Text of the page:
"Scraps, Peels, and Stems" - How to Waste Less Food at Home

"Scraps, Peels, and Stems" is the latest book from Skipstone, the sustainable lifestyle imprint from Mountaineers Books.
Mountaineers Books Mountaineers Books
October 03, 2018
"Scraps, Peels, and Stems" - How to Waste Less Food at Home

Scraps, Peels and Stems: Recipes and Tips for Rethinking Food Waste at Home, by Jill Lightner, is a new book about how to waste less food. As a nation, Americans waste "between 35 and 40 percent of our food supply," according to Jill's research. And, "Nobody likes it," she adds. But while we might not be able to change everyone else, we each can work on minimizing our own food waste. Scraps, Peels and Stems offers scores of tips and more than 70 recipes. 

The following is an example of the advice Jill offers for reducing the food waste in your home.

A Note About Aspirational Eating 

By Jill Lightner; photos by Shannon Douglas

f030fb44-e5dc-492e-99ab-28d7cacb925e.jpegIt seems disingenuous to ignore the role that diets, cleanses, and shifting nutrition fads play in creating food waste, but discussing them in every chapter would give the whole weight-loss industry ($64 billion per year in the United States alone) more attention than it deserves here. It’s worth noting that according to a Fortune magazine survey in 2016, the number of Americans officially dieting dropped to 19 percent, but the number of those trying to eat healthier climbed to 77 percent.

What does “healthier” generally mean? More fresh fruits and vegetables, more lean protein, including seafood, and possibly more whole grains. It may not be a coincidence that seafood, fresh produce, and grain products are three categories with the highest amount of consumer food waste. Here’s some additional food for thought: the NRDC reports that the average American wastes 1250 calories of food each day, about half the recommended intake for adults. With obesity rates being what they are, the answer clearly isn’t that we all need to gobble down those extra calories. We need to reassign them—out of the landfill or compost bin, and into the kitchens and bellies of the food insecure.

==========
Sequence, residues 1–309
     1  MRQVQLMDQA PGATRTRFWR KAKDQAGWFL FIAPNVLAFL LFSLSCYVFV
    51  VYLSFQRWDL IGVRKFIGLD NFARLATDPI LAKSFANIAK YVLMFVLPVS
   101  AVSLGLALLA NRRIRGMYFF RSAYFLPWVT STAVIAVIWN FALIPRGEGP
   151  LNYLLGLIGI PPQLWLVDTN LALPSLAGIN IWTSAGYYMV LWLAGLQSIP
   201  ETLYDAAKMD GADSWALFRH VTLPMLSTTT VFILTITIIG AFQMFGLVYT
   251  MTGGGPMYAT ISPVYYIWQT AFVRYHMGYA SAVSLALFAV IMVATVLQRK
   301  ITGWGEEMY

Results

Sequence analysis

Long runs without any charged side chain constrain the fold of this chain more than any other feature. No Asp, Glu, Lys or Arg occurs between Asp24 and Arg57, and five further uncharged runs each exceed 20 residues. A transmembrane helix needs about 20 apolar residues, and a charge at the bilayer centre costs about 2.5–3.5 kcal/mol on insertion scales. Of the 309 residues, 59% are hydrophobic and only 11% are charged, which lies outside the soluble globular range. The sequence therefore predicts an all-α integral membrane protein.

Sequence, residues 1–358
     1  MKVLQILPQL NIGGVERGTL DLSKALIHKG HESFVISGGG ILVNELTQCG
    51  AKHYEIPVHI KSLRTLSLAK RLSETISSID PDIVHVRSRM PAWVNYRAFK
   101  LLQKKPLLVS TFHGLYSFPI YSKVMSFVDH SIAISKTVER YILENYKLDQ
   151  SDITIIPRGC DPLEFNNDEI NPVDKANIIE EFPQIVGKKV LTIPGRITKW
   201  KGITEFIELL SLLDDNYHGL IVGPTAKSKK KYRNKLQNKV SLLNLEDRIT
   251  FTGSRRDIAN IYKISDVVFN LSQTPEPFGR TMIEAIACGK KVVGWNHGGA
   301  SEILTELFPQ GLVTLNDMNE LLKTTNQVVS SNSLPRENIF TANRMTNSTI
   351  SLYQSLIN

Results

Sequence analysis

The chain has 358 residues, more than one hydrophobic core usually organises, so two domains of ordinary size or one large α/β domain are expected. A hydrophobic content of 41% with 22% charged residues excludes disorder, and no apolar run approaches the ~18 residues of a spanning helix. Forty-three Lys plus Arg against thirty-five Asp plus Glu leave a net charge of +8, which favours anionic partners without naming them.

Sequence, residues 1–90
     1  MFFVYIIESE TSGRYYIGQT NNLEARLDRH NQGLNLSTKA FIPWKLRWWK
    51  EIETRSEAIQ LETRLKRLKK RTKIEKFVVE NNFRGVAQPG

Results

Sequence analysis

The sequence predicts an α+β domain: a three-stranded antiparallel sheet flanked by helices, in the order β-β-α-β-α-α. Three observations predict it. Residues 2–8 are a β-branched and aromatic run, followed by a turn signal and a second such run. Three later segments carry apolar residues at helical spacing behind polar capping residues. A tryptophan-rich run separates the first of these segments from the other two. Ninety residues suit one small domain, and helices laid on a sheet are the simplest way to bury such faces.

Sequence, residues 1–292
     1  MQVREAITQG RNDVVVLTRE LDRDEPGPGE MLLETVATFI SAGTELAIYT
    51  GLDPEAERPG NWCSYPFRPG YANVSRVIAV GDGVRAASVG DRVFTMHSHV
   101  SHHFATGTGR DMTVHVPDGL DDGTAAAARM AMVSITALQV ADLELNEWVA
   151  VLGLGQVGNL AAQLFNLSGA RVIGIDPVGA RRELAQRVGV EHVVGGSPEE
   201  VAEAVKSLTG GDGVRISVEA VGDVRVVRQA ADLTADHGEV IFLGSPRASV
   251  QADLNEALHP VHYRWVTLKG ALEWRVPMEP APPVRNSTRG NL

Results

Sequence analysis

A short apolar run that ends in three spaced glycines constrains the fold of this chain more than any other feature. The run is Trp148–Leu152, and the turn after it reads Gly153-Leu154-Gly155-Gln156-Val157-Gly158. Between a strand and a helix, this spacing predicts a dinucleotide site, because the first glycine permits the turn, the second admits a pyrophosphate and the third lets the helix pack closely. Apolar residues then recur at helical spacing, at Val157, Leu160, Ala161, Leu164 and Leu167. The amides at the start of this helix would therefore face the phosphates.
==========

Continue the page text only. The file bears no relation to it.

If you are trying to change your eating habits but are also concerned about food waste, here are a few tricks to keep in mind.

    1. Buy frozen, unseasoned vegetables rather than fresh. It’s not difficult to use frozen broccoli, carrots, peas, cherries, leafy greens like spinach and mustard greens, and berries with great success in recipes from stir-fries to soups, smoothies, and even some salads. All frozen produce retains very high nutrient values because it is frozen so soon after picking. Best of all, it is much less perishable, leading to less waste.
    2. Buy frozen seafood. These low-calorie proteins tend to offer healthy fats, making them a nutritional win-win. They are also extraordinarily perishable when fresh. Frozen at the source and maintained at an even temperature, frozen seafood is vastly better today than a few decades ago. It thaws quickly, usually needing just thirty minutes before cooking. Canned seafood is a reliable shelf-stable backup but can be high in sodium, so check the label.
    3. If you are cleaning snack food out of the pantry, take the time to donate anything that is individually wrapped. While food banks emphasize providing healthy meals to their clients, donations like single granola bars; snack packs of crackers, cookies, or fruit snacks; instant oatmeal or hot cocoa packets; sweeteners; and cereals are all welcome. The donation doesn’t have to be a full, unopened box as long as the food inside is individually wrapped. If you live in a city, you may have a neighborhood drop-in center for the homeless that could really use single-serving snacks too.

    4. If you are exploring new-to-you whole grains, try them first in small quantities from the bulk department of your local grocery store. Even a small (one- to two-pound) bag can contain more than a dozen servings of a whole grain that you and your family might really dislike. It’s much smarter, and much less expensive, to discover that preference via a four-ounce purchase from the bulk bins.

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Bill Thorness
Bill Thorness says:
Oct 09, 2018 09:01 AM

Great tips Jill. As a gardener, I would like to add another perspective.
Kitchen scraps (except meat and dairy) are great food for the worms in your home worm bin, which then produces free fertilizer for your vegetable garden. Which then produces food for you.
But one friend without a worm bin freezes a lot of her kitchen scraps (including meat scraps and bones) and, when she gets enough, she cooks it all in a big vat of water and makes "stock" that she uses for soup or in recipes. No doubt that's in your book too.
I just resonate with any idea that keeps all of our food at home and recycles it in low-tech, low-carbon-footprint ways. I look forward to reading this book.

Mary Metz
Mary Metz says:
Oct 09, 2018 03:39 PM

Hey Bill! I was the project editor for Jill's book, and I'm happy to say that she *does* talk about recycling food waste as you suggest--both in compost/worm bins and saving odd bits for stock. "Scraps, Peels, and Stemsz' really highlights simple, low-tech, low-carbon-footprint behavior. It may not include the benefits of grocery-shopping-by-bike, however, and maybe it should; there's something about knowing everything has to fit into my bike's basket that prevents me from doing a lot of impulse bulk buying!